What interested McGinley and her colleagues, however, was that, even though Jespersen lost, the court’s opinion suggested in contrast that a costume unduly stereotyping women as sexual beings likely would violate Title VII. Recognizing this assertion as a game changer, they reasoned that it could increase the risk of litigation losses for casinos because cocktail servers are required to wear uniforms explicitly designed to be sexualized.  If so, then it would follow that plaintiff lawyers would seek to take advantage of the court’s ambiguous language to create more work for themselves.

Although the result of the interviews cannot be used to assert that case opinion language or outcome does not influence local actors, it does suggest that other factors may be more important. These factors include, for example, employees fearful of being black balled and concerns by plaintiffs and attorneys that damages from a successful suit would be minimal.  They also worry that casinos were likely to invest significant resources in a case that appears to threaten their bottom line.  Nevertheless, their findings are more than a little surprising because they reveal the lack of importance assigned by local actors to factors scholars in the legal academy spend enormous energy arguing about: the relative importance of opinion language versus case outcomes in appellate cases.  In short, the language used by appellate judges and what they decided were not as important as more practical matters.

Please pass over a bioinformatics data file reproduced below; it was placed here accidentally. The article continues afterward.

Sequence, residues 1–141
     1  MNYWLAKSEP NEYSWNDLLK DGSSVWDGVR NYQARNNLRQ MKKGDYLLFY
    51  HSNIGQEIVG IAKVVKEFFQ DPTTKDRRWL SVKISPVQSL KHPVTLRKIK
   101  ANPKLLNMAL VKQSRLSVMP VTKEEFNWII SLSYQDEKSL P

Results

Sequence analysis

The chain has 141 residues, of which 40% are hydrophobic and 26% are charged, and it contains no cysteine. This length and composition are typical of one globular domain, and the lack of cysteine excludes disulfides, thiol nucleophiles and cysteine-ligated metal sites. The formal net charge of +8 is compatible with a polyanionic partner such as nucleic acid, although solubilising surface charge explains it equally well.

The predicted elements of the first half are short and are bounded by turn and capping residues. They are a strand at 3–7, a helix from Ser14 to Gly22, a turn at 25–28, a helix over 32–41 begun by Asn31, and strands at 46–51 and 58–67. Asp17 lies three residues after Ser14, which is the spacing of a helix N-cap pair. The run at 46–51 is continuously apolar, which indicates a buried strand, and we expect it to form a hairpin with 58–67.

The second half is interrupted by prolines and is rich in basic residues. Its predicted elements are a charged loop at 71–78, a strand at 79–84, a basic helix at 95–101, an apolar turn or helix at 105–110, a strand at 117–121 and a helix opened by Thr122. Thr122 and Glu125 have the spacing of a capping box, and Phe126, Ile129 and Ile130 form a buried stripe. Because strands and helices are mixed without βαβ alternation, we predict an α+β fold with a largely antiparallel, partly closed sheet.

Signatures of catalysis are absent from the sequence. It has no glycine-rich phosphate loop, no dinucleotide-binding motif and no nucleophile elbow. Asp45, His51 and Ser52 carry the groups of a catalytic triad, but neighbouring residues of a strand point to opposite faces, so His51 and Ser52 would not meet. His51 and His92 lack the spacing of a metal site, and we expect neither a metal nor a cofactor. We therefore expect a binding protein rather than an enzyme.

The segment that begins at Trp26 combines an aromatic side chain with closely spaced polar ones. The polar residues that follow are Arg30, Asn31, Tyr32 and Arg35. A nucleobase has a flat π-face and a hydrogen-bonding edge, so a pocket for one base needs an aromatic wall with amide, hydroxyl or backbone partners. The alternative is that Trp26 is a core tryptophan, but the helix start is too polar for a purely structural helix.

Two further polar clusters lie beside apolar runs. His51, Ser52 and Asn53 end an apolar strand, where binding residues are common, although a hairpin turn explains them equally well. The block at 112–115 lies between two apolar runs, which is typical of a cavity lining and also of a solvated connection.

Next on the empirical research agenda for McGinley and her colleagues is extending this kind of inquiry to the casinos in Atlantic City and to those on the riverboats in Mississippi.

McGinley’s nascent interest in empirical research as a tool for analyzing the law can be seen in two recent law review articles.  In a 2009 law review article (Hillary Clinton, Sarah Palin, and Michelle Obama: Performing Gender, Race, and Class on the Campaign Trail, 86 Denver U.L.R.709), McGinley uses the work of social scientists, both empirical and theoretical, and applies their work to an analysis of law and culture when addressing the question of how white women and women of color can successfully perform their gender and racial identities in the public arena.